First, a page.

Project description:The main objective of this study was to assess the blood flow rate and velocity in coronary artery stenosis using intracoronary frequency domain optical coherence tomography (FD-OCT). A correlation between fractional flow reserve (FFR) and FD-OCT derived blood flow velocity is also included in this study.A total of 20 coronary stenoses in 15 patients were assessed consecutively by quantitative coronary angiography (QCA), FFR and FD-OCT. A percutaneous coronary intervention (PCI) optimization system was used in this study which combines wireless FFR measurement and FD-OCT imaging in one platform. Stenoses were labelled severe if FFR ≤ 0.8. Blood flow rate and velocity in each stenosis segment were derived from the volumetric analysis of the FD-OCT pull back images. The FFR value was ≤ 0.80 in 5 stenoses (25%). The mean blood flow rate in severe coronary stenosis (n = 5) was 2.54 ± 0.55 ml/s as compared to 4.81 ± 1.95 ml/s in stenosis with FFR > 0.8 (n = 15). A good and significant correlation between FFR and FD-OCT blood flow velocity in coronary artery stenosis (r = 0.74, p < 0.001) was found.The assessment of stenosis severity using FD-OCT derived blood flow rate and velocity has the ability to overcome many limitations of QCA and intravascular ultrasound (IVUS).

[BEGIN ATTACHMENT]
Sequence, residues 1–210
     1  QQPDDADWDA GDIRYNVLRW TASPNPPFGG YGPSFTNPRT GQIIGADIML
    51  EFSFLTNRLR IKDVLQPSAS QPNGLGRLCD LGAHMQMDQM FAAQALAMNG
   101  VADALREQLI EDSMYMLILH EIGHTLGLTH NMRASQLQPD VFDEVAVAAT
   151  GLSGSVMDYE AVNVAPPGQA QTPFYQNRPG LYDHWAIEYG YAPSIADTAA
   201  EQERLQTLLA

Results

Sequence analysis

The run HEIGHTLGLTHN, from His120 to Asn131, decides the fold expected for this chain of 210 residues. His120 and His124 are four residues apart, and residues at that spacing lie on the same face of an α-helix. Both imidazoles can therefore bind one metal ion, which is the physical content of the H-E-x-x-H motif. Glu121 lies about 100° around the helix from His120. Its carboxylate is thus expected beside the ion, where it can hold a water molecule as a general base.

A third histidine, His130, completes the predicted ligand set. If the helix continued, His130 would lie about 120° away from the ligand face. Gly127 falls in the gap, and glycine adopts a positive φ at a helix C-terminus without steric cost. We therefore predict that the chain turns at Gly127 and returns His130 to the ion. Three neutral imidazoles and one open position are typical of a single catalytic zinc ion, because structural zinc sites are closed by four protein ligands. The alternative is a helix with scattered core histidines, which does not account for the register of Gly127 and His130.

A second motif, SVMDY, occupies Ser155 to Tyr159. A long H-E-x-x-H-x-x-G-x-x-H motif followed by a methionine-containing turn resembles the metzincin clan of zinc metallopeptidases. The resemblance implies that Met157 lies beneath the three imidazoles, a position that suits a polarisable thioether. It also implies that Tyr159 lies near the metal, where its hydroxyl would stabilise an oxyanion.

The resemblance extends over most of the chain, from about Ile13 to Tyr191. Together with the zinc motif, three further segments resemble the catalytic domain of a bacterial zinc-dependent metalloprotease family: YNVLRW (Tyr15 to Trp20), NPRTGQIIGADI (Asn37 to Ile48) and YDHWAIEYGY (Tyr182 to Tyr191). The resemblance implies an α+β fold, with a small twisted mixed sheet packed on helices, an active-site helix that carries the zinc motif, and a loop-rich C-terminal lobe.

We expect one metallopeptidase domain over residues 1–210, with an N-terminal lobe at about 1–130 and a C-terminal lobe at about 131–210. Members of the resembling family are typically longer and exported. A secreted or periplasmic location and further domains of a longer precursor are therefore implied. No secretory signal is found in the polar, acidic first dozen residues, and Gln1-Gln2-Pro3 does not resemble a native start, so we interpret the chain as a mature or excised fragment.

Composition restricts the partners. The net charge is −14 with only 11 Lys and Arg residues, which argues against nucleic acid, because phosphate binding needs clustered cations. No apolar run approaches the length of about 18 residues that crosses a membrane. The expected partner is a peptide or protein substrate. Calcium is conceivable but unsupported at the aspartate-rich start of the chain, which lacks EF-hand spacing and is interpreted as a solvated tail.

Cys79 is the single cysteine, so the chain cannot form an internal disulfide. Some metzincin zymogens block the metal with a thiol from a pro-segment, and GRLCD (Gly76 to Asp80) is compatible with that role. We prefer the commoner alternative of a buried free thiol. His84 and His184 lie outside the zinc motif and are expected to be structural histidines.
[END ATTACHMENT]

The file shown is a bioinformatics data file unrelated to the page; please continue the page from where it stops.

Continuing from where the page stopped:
Project description:BACKGROUND:Intravascular imaging with intravascular ultrasound (IVUS) and optical coherence tomography (OCT) is an important adjunct to invasive coronary angiography. OBJECTIVES:The primary objective was to examine the frequency of intravascular coronary imaging, trends in imaging use, and outcomes of patients undergoing angiography and/or percutaneous coronary intervention (PCI) in the United States. METHODS:Adult patients ?18 years of age undergoing in-hospital cardiac catheterization from January 2004 to December 2014 were identified from the National Inpatient Sample (NIS). International Classification of Diseases, Ninth Revision (ICD-9) diagnosis and procedure codes were used to identify IVUS and OCT use during diagnostic angiography and PCI. RESULTS:Among 3,211,872 hospitalizations with coronary angiography, intracoronary imaging was performed in 88,775 cases (4.8% of PCI and 1.0% of diagnostic procedures), with IVUS in 98.9% and OCT in 1.1% of cases. Among patients undergoing PCI, the rate of intravascular coronary imaging increased from 2.1% in 2004-2005 to 6.6% in 2013-2014 (P?<?0.001 for trend). Use of intravascular coronary imaging was associated with lower in-hospital mortality in patients undergoing PCI (adjusted OR 0.77; 95% CI 0.71-0.83). There was marked variability in intravascular imaging by hospital, with 63% and 13% of facilities using intravascular imaging in <5% and >15% of PCIs, respectively. CONCLUSIONS:In a large administrative database from the United States, intravascular imaging use was low, increased over time, and imaging was associated with reduced in-hospital mortality. Substantial variation in the frequency of intravascular imaging by hospital was observed. Additional investigation to determine clinical benefits of IVUS and OCT are warranted.